Technology Licensing Agreement


Intellectual Property (IP) developed by the U.S. Department of Energy’s (DOE) national laboratories is typically held by the national laboratory and licensed by working with the responsible technology transfer organization within the laboratory where the technology was developed. Because of the unique set of laws related to IP generated at DOE laboratories, licensing agreements for these technologies include some provisions that may not be present in a license agreement between private entities (e.g., march-in-rights, government-use rights, and indemnification of the federal government). Learn more in the licensing guide.

Typical financial and milestone terms present in a commercial license include:

  • An issue fee, which is non-refundable and due upon execution of the agreement
  • A running royalty, which is most commonly based on a percentage of sales
  • A minimum annual royalty
  • Other financial terms appropriate to the technology and market, such as milestone payments and patent cost reimbursements
  • Equity ownership terms which may be negotiated in some cases in lieu of cash payments
  • Milestone commitments for development (e.g., alpha & beta products) and introduction of commercial product in marketplace Licenses may be exclusive for a particular field of use or geographic region, or non-exclusive.

Most of the technologies available for licensing will require additional development before they are commercially viable. An Option Agreement is available that protects an entity’s right to license a technology at a future time. Option Agreements are generally available for a time period of one year. Many labs will approve an extension to the Option Agreement if sufficient milestones toward making the technology commercially viable have been met. Several of the technologies available for licensing can be found on the Lab Partnering Service. These technologies can be viewed under the ‘Lab Technologies’ tab as marketing summaries, which provide business friendly descriptions of the technology, or the patent itself via the Visual Patent Search. Online contact forms are provided to get directly in touch with the licensing representative from each laboratory through ‘connecting’ with the relevant expert.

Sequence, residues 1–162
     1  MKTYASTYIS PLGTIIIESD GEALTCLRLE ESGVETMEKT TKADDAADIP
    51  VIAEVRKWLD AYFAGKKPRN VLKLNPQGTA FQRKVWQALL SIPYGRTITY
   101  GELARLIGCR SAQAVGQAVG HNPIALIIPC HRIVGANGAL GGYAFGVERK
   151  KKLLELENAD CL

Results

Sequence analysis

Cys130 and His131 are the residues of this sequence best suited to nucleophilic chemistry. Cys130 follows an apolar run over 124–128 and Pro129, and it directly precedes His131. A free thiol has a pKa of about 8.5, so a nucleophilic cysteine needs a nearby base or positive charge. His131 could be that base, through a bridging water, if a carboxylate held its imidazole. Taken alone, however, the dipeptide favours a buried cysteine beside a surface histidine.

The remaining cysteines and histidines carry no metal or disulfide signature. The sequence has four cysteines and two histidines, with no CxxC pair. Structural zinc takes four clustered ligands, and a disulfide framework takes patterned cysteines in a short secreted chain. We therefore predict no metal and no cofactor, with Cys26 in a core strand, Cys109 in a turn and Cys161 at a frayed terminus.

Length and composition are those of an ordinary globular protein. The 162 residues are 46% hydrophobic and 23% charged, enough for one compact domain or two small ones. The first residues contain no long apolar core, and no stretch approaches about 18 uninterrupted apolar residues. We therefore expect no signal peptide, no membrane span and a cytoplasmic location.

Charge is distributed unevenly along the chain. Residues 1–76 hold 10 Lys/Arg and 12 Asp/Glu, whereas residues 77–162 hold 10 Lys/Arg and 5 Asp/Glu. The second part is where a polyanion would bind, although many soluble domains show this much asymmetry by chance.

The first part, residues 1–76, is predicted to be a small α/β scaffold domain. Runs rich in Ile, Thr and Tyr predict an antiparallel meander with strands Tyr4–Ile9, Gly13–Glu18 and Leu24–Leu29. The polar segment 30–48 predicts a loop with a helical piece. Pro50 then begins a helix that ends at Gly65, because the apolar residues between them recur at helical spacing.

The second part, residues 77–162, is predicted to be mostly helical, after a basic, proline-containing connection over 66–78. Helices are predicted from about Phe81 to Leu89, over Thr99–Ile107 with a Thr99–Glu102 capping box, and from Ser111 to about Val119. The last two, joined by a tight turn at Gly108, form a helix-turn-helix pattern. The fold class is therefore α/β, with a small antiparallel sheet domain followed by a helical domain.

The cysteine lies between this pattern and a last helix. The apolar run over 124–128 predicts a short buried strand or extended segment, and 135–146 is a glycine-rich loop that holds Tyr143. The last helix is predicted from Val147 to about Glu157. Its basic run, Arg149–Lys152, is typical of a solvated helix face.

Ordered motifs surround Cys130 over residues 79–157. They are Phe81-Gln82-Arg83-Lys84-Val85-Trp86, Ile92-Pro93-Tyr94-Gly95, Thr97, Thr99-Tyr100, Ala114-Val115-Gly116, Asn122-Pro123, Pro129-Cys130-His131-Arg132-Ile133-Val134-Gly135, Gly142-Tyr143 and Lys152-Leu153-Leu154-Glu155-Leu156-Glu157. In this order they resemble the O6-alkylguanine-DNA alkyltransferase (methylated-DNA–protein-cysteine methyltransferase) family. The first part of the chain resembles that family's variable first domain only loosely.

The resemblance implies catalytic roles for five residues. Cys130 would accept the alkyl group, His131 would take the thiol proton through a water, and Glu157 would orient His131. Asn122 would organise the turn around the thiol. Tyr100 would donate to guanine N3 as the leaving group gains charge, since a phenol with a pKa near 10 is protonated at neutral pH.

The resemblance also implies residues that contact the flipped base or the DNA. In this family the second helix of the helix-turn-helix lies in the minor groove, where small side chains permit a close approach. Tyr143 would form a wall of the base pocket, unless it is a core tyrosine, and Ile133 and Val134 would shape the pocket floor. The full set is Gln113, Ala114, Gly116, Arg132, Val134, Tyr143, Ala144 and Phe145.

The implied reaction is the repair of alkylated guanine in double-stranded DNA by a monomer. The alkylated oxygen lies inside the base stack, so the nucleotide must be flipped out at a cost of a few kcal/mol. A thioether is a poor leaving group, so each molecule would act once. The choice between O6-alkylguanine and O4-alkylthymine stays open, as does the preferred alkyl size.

Info Description: Businesses or other non-federal entities license lab technologies.
Uses Typical Uses: For commercializing a Lab prototype technology
Advantages Advantages: Enhance your technology product or service offering with a federally-funded invention
Coin Cost: Licensee pays a non-refundable fee, royalty or other form of compensation.
Info Footnote: Licensing Guide -
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Ins and Outs of Agreements & Licenses

CRADAs, SPPs, and ACT arrangements can be contracted to contain provisions addressing protection of a partner’s proprietary data. User Agreements often include such provisions as well. In addition, Nondisclosure Agreements (NDA) can easily be put in place to protect a partner’s proprietary information prior to the initiation of any work or even at the discussion stage if necessary. While a company’s proprietary information agreement template can be used as a starting point the nature and contractual requirements of the national laboratories will require amendments and the use of the standard agreement offered by the laboratory of interest often expedites the signature of these agreements. Data generated in the performance of a CRADA can be protected from public release by the laboratory or the Government for five years. It is important that companies mark all of the information that they provide to the laboratories’ staff in accordance with the agreements between the parties for protection of data. Data generated under an SPP or ACT can be kept proprietary by the Sponsor indefinitely in many cases.
Retention of these rights in agreements involving federally-funded research is required by law. The government license is viewed as recognition of the Government investment that created the facility and the research from which the technology arises. March-in rights are retained by the government to assure that technology arising from laboratories is made available to the public. Should a laboratory licensee or CRADA partner abandon use or dissemination of the technology yet retain a license to the technology, the government has the right to require the partner to license to a third party, who is interested in commercializing the technology, at a reasonable royalty.
There are examples of successful multi-party collaborations that accommodated the interests of various organizations, including multiple DOE laboratories. Clear communications and up-front negotiations of intellectual property rights can help save time. For example, in the alternative feedstocks for chemicals program, five laboratories set up agreements for sharing intellectual property among themselves and with a company. The intellectual property developed by one laboratory was used by other laboratories, and the company benefited from inventions at several laboratories.
Although as federally-funded facilities, DOE’s national laboratories have a preference to license to U.S. companies and an obligation to consider U.S. Competiveness in all license agreements. The requirement for U.S. Competiveness can be satisfied by either substantially manufacturing in the United States or by having a business unit in the United States and providing a significant economic and technical benefit to the United States. All DOE Laboratories are also required to include an export control clause in their license agreement. This clause simply states that the Licensee agrees to comply with export control laws designed to protect items and information important to the United States. It restates the existing requirement and does not impose additional requirements.

Additional Ways to Partner with a National Lab